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Gentlemen, after reading all these posts, it seems that before anything else, we have to come up with a common definition of guru as it pertains to guns. Seriously, if you look at what's written and stated nowadays, we have everyone from the Self-Proclaimed 'Duke' Venturino who is nothing but a cast-bullet shooter and a burgeoning Full-Auto Collector to Larry Vickers, my opinion of that person is common-knowledge.

What is a guru? It sure isn't an 'Operator' because tactics isn't everything. It isn't a 'Firearms-Expert' because the guns aren't everything. I would have to say that a true guru( I hate that term) is someone who intimately knows every facet of the sport. Unfortunately for us, most all of them have passed on. Names like Keith, Cooper, Skelton, Jordan, Askins, etc. There are damned few out there who even come close, maybe Hackathorn and Smith.
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Last edited by Dave Waits; 04-30-2012 at 01:37 PM.
  #40  
Old 04-30-2012, 01:31 PM
38 Super +p 38 Super +p is offline
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I'll nominate Charles W. Clawson.
  #41  
Old 04-30-2012, 01:34 PM
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A few modern Gurus

There's always Clint Smith for tactics and accuracy.

I like some of the guys around here for gun lore (dsk, pistolwrench and Dave Severns...) Yes, I'm leaving some out but these guys are GOOD.

There's also that crazy guy in Nevada....
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  #42  
Old 04-30-2012, 01:51 PM
Gary1911A1 Gary1911A1 is offline
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As far as having fired shots in anger, their knowledge of the 1911 and perhaps the most important, their ability to hold your attention when they speak I would have to go with Larry Vickers, Ken Hackathorn and Clint Smith. I've had training classes with the first two and they are top notch.
  #43  
Old 04-30-2012, 02:12 PM
6285108 6285108 is online now
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LAV (Vickers), Hackathorn, Dave Harrington, and Anthony (Stony) Smith and Grant Timberlake and Chris Cerino, Drake Oldham, Kevin Davis (Akron Ohio PD). I have trained under these instructors and have found them to be all top flight teachers of pistol and carbine.
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  #44  
Old 04-30-2012, 02:14 PM
BillD BillD is offline
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Lou Awerbuck (former Gunsite teacher) has been teaching LEO's and non-LEO's how to kill people without getting killed for a long time now, as has Pat Rogers.

IIRC, Cooper gave himself the title of guru. He wasn't a pistolsmith but a trainer and competitor, deep thinker and writer.

Many men have seen the elephant much more than Cooper ever did, Vickers being one of them.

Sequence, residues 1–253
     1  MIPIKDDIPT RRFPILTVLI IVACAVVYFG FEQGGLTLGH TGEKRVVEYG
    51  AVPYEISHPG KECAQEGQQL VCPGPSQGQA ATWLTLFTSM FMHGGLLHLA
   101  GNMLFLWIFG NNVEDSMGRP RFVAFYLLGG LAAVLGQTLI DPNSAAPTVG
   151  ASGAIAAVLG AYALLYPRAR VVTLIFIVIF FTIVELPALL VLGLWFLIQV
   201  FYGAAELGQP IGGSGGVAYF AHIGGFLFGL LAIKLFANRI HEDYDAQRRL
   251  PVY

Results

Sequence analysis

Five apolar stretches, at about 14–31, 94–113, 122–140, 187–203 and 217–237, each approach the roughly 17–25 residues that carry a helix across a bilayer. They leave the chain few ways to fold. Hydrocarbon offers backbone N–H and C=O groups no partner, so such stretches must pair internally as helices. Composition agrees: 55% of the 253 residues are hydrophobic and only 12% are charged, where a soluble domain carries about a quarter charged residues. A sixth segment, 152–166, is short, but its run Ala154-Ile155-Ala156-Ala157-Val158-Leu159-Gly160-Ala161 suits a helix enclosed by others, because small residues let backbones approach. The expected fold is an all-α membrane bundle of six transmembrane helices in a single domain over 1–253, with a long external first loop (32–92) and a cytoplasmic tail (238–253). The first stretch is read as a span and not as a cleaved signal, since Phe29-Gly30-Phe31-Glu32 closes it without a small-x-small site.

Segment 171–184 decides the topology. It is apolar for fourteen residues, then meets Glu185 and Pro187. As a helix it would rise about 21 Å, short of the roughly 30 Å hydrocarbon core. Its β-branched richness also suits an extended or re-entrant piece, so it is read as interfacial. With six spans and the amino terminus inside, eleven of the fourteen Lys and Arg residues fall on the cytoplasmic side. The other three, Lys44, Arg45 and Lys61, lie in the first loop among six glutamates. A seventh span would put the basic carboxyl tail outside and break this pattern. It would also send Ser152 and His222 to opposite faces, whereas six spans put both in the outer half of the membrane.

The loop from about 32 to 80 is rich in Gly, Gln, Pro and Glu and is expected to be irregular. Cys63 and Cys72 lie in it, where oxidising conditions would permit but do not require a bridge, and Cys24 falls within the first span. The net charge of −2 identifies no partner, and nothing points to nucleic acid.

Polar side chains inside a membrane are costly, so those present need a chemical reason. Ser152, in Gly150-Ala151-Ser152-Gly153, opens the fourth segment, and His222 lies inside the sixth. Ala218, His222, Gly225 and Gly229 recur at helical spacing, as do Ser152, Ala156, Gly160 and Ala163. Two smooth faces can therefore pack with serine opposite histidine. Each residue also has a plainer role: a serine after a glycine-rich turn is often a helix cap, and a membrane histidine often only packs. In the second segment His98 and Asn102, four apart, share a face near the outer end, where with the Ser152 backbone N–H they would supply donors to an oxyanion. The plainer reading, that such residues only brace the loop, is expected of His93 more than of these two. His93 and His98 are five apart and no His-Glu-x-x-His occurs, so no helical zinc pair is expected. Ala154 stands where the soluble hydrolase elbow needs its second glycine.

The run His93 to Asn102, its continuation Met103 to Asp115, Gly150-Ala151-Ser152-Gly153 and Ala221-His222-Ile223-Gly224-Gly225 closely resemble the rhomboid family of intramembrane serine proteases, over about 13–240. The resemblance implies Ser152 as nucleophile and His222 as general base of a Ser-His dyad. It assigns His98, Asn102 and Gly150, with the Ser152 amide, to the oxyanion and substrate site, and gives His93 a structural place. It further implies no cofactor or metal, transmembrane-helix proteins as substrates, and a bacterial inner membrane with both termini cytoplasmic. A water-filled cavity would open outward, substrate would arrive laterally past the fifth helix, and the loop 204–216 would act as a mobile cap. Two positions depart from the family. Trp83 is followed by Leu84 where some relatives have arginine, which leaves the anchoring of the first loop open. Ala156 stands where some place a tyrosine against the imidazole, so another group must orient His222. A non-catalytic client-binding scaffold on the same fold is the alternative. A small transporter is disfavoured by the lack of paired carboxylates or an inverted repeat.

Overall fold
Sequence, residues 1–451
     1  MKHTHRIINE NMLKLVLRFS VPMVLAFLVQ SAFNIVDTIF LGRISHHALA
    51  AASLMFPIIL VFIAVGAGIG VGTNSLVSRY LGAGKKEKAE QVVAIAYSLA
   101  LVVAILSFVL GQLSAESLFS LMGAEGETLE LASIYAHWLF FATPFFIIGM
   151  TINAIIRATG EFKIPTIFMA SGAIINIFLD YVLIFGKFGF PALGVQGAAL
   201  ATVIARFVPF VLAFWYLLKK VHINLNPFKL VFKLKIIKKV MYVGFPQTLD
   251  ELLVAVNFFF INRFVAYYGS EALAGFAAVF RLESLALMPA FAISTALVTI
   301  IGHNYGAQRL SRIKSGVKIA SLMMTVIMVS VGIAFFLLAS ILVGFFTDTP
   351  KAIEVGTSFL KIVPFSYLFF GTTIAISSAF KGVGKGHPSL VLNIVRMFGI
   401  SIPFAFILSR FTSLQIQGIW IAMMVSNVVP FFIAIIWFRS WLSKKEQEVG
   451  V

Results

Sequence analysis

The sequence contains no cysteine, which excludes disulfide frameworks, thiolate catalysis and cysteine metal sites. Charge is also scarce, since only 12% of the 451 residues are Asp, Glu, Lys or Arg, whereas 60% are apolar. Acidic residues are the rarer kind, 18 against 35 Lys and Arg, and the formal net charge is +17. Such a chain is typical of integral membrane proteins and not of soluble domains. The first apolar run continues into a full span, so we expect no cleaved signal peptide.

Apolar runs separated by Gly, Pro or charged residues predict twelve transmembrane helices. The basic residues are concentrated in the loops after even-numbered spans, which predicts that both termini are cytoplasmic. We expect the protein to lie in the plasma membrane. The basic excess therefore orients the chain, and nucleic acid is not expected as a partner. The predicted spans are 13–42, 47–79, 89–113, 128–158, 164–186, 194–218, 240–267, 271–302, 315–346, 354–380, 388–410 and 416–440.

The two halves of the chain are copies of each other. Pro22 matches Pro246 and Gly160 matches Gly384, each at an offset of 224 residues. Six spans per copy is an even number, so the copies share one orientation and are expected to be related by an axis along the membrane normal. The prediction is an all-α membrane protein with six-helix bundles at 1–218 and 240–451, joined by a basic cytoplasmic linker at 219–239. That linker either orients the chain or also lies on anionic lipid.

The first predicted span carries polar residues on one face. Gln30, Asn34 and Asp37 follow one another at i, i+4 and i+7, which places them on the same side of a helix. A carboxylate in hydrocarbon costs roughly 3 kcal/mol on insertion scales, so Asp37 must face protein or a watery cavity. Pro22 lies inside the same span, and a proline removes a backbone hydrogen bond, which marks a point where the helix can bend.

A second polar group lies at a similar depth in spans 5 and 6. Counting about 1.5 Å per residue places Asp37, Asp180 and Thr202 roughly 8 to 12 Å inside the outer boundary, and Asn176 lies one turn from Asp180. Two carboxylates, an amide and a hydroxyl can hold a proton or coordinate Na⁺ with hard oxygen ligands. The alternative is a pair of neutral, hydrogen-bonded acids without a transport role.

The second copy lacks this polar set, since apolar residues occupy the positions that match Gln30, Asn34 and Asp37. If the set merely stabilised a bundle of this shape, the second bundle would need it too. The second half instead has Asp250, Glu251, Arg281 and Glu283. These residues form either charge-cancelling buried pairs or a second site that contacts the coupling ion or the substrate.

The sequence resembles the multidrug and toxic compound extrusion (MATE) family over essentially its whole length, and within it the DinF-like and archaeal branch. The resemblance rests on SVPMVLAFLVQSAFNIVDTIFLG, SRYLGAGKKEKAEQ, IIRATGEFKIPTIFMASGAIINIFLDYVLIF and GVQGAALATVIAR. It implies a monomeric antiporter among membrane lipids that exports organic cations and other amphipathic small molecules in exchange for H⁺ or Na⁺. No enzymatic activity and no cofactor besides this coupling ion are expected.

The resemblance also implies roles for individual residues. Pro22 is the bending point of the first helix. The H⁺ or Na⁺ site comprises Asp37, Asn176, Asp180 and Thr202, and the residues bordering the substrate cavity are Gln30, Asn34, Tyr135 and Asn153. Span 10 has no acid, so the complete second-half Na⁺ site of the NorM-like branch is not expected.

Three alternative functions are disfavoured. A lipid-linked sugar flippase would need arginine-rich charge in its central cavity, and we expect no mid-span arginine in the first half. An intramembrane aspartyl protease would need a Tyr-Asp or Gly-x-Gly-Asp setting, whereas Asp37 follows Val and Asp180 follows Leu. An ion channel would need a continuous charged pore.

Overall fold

Cooper could write though and others couldn't.

He kinda reminds of Capstick, the African hunting writer. They say he got the material for his most memorable hunts at the bar in Nairobi, but he could write.

Also, let's not forget that for YEARS Cooper wouldn't let an AR (poodleshooter) on the range at Gunsite.
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  #45  
Old 04-30-2012, 02:17 PM
6285108 6285108 is online now
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Lou Awerbuck (former Gunsite teacher) has been teaching LEO's and non-LEO's how to kill people without getting killed for a long time now, as has Pat Rogers.
2 excellent choices
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  #46  
Old 04-30-2012, 02:26 PM
supervel supervel is offline
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Originally Posted by BillD View Post
Lou Awerbuck (former Gunsite teacher) has been teaching LEO's and non-LEO's how to kill people without getting killed for a long time now, as has Pat Rogers.

IIRC, Cooper gave himself the title of guru. He wasn't a pistolsmith but a trainer and competitor, deep thinker and writer.

Many men have seen the elephant much more than Cooper ever did, Vickers being one of them.
Cooper could write though and others couldn't.

He kinda reminds of Capstick, the African hunting writer. They say he got the material for his most memorable hunts at the bar in Nairobi, but he could write.

Also, let's not forget that for YEARS Cooper wouldn't let an AR (poodleshooter) on the range at Gunsite.
OH that brings back fond memeries from the good ol day's before computer comando's.
  #47  
Old 04-30-2012, 02:34 PM
GunBugBit GunBugBit is offline
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Yeah, Larry Vickers couldn't hold Col. Cooper's jockstrap
As a warrior, the reverse is true. Having made it through Delta selection alone puts Mr. Vickers in a very elite category. Army Ranger school is plenty hard to get through, but plenty of guys who make it through that and go to Delta selection are found lacking. Same with Army SF (Green Berets). However those guys have a far better chance than most of getting through Delta selection. If you're young enough, join the Army and try making it through any of those schools. Then come back on the forum and disparage someone whose brass you are not fit to polish.

Jeff Cooper's contributions to the shooting world were and are immense, no question.

Larry Vickers contributes in different ways. Saying he's a joke shows a great ignorance about his achievements. I suppose he has "gone commercial", but hey, everybody needs to make a living.
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  #48  
Old 04-30-2012, 02:38 PM
BillD BillD is offline
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OH that brings back fond memeries from the good ol day's before computer comando's.

not including you and I of course.....
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  #49  
Old 04-30-2012, 02:42 PM
supervel supervel is offline
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I was refering to the last part about the poodle shooter's not Mr. Vicker's. I should have specified. Their are some types like this at AR sites as you may well know.
  #50  
Old 04-30-2012, 02:55 PM
simonsay simonsay is offline
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You say that as though it didn't come out in the EARLY 90s.

Good point on Brian Enos, that guy can really "think" shooting and explain it well.

Mike.
Yeah, it's already been here a while I guess. Enos is about as guru as you can get if guru requires skills and brains.

BTW... why Vogel and not Sevigny? Dave taught us that polymer is just as good as expensive steel, when in the right hands.